StoryThe pilot episode of Steven Bochco's Over There is as riveting, unexpected, and shocking as the series premieres of the legendary producer's Hill Street Blues and NYPD Blue. The first television drama set in an existing war being waged by the United States, Over There concerns the first tour of duty for a young, U.S. Army unit sent to Iraq. Unlike any number of movies and TV shows starring middle-age actors portraying American fighting forces in past wars, Over There's combat soldiers look and act like the barely-out-of-high-school young adults (many of whom, in Over There, joined the military out of economic necessity) most of our real-life troops actually are.
Whatever one's feelings about the Iraq war, Bochco and co-writer and director Chris Gerolmo (Citizen X) cut through the politics to get to the individuals whose lives are on the line, who left behind families to find themselves in a most alien environment, fired upon for reasons they may not fully understand. Gerolmo does a superb job of showing us combat conditions in desert sandstorms, with rookie soldiers hanging tough under intense heat while insurgents fire from a distance at anything that moves. This is a new kind of war show, yet in many ways Over There embraces a few sentimental conventions, notably scenes in which the unit's members explain the origins of their nicknames ("Angel," "Dim," "Doublewide," "Mrs. B," and more). In the Bochco tradition, when violence comes, it comes as a grievous surprise.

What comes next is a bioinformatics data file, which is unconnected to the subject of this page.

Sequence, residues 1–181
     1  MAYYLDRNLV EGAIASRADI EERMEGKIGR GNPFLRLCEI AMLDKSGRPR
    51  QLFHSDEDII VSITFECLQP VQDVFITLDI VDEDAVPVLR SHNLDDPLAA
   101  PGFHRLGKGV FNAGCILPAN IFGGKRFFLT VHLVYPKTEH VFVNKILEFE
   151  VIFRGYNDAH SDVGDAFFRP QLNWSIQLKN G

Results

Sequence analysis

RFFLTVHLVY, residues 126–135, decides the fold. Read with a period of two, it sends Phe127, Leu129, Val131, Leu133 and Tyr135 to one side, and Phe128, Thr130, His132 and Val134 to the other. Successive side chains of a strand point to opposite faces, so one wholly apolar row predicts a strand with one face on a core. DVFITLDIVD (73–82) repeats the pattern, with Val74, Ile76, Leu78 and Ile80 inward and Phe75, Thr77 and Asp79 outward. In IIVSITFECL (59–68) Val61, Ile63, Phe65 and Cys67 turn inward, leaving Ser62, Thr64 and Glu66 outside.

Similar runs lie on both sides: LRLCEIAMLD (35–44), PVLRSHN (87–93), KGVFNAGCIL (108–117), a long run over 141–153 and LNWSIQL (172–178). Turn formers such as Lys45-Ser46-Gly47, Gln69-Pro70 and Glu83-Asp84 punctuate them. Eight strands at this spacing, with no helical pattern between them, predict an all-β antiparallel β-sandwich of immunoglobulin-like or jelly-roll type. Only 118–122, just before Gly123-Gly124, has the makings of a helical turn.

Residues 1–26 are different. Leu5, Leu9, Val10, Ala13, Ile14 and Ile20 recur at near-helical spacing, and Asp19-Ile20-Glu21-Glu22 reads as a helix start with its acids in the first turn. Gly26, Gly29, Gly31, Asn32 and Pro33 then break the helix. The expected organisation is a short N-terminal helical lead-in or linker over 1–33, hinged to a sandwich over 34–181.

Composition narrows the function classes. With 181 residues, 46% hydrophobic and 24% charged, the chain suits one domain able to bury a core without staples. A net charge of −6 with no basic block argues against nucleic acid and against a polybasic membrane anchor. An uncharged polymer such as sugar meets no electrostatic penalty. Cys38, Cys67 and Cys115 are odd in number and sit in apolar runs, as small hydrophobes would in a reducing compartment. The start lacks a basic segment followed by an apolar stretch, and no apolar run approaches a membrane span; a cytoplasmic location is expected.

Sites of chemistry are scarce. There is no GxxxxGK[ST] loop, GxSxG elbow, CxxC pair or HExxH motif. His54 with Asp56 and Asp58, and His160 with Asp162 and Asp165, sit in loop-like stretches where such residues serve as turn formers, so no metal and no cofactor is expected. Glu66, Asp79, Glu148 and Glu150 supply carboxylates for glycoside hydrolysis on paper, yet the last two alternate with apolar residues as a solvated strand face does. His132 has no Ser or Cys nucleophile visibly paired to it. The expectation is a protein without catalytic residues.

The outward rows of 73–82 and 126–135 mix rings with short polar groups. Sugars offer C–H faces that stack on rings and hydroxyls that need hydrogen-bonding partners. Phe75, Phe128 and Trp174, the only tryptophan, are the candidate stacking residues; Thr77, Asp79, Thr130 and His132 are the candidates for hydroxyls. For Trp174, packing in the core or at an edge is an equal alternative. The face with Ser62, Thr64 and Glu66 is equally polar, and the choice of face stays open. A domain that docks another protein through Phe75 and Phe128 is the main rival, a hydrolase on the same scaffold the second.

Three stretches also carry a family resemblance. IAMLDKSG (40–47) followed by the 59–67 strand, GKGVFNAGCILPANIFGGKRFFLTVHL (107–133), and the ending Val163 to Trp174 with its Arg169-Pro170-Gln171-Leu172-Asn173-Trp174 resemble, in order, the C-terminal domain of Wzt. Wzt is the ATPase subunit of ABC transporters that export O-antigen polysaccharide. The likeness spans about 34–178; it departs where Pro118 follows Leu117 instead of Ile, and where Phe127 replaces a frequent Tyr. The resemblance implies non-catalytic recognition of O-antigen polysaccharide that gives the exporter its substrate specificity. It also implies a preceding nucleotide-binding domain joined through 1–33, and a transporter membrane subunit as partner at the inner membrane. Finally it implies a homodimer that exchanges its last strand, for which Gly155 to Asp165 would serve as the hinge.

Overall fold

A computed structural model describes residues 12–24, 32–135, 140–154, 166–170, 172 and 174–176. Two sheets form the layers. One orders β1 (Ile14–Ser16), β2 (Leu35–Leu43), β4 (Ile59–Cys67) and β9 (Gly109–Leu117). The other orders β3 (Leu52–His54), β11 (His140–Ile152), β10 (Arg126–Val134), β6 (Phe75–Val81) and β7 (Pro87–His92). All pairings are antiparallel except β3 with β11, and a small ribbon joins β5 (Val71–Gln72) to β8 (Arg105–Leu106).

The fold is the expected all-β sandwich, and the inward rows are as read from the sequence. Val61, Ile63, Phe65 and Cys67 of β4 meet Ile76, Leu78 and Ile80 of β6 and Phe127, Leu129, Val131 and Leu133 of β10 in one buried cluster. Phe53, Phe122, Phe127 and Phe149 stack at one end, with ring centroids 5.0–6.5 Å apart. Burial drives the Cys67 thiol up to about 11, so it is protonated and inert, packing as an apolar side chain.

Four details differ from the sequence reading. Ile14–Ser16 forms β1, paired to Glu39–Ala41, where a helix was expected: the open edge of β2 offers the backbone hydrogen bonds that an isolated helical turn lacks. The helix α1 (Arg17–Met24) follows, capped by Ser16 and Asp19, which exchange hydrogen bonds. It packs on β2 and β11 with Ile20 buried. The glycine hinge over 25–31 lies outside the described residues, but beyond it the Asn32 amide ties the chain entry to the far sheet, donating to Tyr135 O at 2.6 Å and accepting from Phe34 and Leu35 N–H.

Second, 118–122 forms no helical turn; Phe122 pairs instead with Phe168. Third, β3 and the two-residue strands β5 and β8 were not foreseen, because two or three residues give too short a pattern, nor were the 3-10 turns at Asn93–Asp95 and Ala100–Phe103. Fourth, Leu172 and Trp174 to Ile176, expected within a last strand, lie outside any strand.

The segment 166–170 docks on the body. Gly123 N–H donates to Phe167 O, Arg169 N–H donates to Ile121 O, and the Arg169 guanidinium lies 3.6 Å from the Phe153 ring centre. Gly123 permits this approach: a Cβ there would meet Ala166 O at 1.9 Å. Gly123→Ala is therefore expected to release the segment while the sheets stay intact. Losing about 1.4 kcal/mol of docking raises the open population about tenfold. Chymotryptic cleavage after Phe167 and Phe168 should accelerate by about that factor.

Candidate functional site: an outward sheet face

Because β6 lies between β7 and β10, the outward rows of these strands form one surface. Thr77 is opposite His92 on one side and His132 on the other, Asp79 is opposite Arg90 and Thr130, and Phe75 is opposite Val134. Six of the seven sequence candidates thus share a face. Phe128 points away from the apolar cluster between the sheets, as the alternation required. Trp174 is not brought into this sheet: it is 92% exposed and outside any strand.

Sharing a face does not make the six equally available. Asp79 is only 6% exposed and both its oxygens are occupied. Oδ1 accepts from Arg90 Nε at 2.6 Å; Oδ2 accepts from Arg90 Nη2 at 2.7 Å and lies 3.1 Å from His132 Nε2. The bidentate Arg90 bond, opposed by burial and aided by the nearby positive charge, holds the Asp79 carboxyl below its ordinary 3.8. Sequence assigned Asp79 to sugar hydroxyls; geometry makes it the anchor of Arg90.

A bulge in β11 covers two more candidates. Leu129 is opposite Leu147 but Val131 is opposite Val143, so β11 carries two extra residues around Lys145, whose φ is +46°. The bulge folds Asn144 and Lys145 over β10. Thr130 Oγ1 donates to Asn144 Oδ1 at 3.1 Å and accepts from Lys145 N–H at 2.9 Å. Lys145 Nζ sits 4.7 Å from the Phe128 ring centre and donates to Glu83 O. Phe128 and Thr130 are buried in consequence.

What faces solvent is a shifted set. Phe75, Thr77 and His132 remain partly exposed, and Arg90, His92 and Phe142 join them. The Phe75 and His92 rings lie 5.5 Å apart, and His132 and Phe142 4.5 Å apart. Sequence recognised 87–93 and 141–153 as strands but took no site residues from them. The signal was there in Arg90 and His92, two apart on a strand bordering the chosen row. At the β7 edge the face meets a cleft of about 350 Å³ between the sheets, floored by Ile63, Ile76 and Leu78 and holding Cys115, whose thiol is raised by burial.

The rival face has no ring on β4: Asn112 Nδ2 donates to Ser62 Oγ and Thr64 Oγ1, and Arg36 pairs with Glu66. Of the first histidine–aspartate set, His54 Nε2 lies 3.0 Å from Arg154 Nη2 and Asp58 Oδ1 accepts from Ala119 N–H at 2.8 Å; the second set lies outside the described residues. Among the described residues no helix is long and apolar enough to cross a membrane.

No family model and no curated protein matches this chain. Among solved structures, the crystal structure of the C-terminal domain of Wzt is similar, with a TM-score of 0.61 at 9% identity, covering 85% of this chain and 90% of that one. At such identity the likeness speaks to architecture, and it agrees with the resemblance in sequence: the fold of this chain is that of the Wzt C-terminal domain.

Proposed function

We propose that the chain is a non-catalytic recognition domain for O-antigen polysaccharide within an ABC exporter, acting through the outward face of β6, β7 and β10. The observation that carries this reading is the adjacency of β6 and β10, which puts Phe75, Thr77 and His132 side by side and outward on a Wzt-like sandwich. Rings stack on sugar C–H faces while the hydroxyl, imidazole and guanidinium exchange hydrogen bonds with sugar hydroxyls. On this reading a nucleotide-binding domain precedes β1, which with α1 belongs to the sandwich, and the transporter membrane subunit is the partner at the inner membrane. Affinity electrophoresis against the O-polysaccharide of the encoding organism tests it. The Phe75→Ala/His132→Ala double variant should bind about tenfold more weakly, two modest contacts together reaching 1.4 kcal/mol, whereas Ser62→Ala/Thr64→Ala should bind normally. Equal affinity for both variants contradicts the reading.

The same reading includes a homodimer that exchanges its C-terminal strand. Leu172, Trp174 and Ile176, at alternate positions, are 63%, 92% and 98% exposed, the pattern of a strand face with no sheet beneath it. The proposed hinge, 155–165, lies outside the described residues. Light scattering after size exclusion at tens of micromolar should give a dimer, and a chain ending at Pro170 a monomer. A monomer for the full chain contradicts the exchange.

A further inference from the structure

- <li square>Includes the Pilot episode
<li square>FX Promo
|Nicki Lynn Aycox|